Featured CPAC Member: Lisa McCord


Member Since: 2018

The Colorado Photographic Arts Center represents a diversity of photo professionals, students, and appreciators based here in the heart of Denver and beyond. We recognize and celebrate the work of our members at all levels through our Featured Member series. This time Lisa McCord is sharing her documentary project Rotan Switch, where she focuses on the experiences of her family’s cotton farm in Arkansas. We encourage you to explore this selection of profound black and white images, becoming familiar with the stories, memories, and passage of time in each frame.



By Lisa McCord

I began documenting life on my grandparents’ cotton farm in 1979 when I was twenty-one years old. Although my grandfather started out as a sharecropper, by the time I was born he had become well-known in the Mississippi Delta as a farm owner in the community of Rotan, Arkansas. I developed close relationships with the people who worked on the farm. They would welcome me into their homes, and I would hang out at the juke joints and honky-tonks where they would go to relax after a hard week of work. We’d share fried chicken and black-eyed peas. We’d sing “Sweet Jesus Carry Me Home” at St. John’s Missionary Baptist Church.

After forty years, I have come to realize that all of my photographs taken here are explorations of home. I have lived in many countries across the world, but my idea of home remains firmly rooted in the Arkansas land and people. Over time I have documented the families here- mine and others-across six generations. For me, these images and recorded interviews are tender reminders of people and places I love.

I realize that these photographs are complicated when seen in the context of the social and economic structures of the rural South. Although these subjects are family to me, as a white photographer and the granddaughter of a farm owner, my photographs of the Black community implicate my own role in reinforcing these power structures. These systemic oppressions are deeply troubling. My hope is to celebrate and honor this community I love and grew up with in the Mississippi Delta.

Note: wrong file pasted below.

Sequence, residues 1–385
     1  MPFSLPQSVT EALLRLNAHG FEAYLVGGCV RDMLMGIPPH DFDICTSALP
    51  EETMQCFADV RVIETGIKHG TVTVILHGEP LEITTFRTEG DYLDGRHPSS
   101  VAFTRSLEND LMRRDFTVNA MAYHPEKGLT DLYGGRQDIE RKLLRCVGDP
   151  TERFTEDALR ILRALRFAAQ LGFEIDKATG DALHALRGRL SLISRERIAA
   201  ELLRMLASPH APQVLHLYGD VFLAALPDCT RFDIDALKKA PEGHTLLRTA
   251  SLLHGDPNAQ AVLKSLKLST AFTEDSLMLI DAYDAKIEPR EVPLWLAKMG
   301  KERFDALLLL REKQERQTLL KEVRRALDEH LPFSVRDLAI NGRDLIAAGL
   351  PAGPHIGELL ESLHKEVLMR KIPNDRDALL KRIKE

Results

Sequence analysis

Rotan Switch takes its name from the community’s central landmark – the railroad switch where the farmers loaded their cotton bales onto trains headed out of the Arkansas Delta. Though the railroad switch hasn’t been used to transport cotton in many years, still it remains a potent symbol of the complex intersections of industry and agriculture, of race and injustice. This series acknowledges the history of my rural home, one that we must shed light on in order to move into a more just future.


Lisa McCord is a fine art and documentary photographer from the Arkansas Delta who lives and works in Los Angeles and Arkansas. Focusing on her experiences on her family’s cotton farm, her creative practice explores concepts of storytelling, memory, and the passage of time.

McCord received her BFA from San Francisco Art Institute and earned an MFA from California Institute of the Arts. She also attended New York University, Le Contrejour, Paris, and The Visual Studies Workshop, Rochester, NY. She taught photography at several high schools and universities in the LA area including Pepperdine University.

She has shown her work in galleries and museums internationally, including SoHo Photo Gallery and Carrie Able Gallery in New York; Bruce Lurie and Building Bridges in Los Angeles; Center for Fine Art Photography in Fort Collins; Classic Photographs Los Angeles, the Annenberg Space for Photography Museum in LA, and the Cotton Museum in Memphis. Her work has been featured in numerous publications including Black & White Photography (UK edition), Float Magazine, and Feature Shoot. She was a Critical Mass Finalist in 2015, 2016, and 2021. McCord’s work is in the permanent collections of the Arkansas Museum of Fine Arts and the Memphis Brooks Museum of Art.



DECEMBER 18, 2021 – FEBRUARY 12, 2022


SEPTEMBER 15 – 18, 2022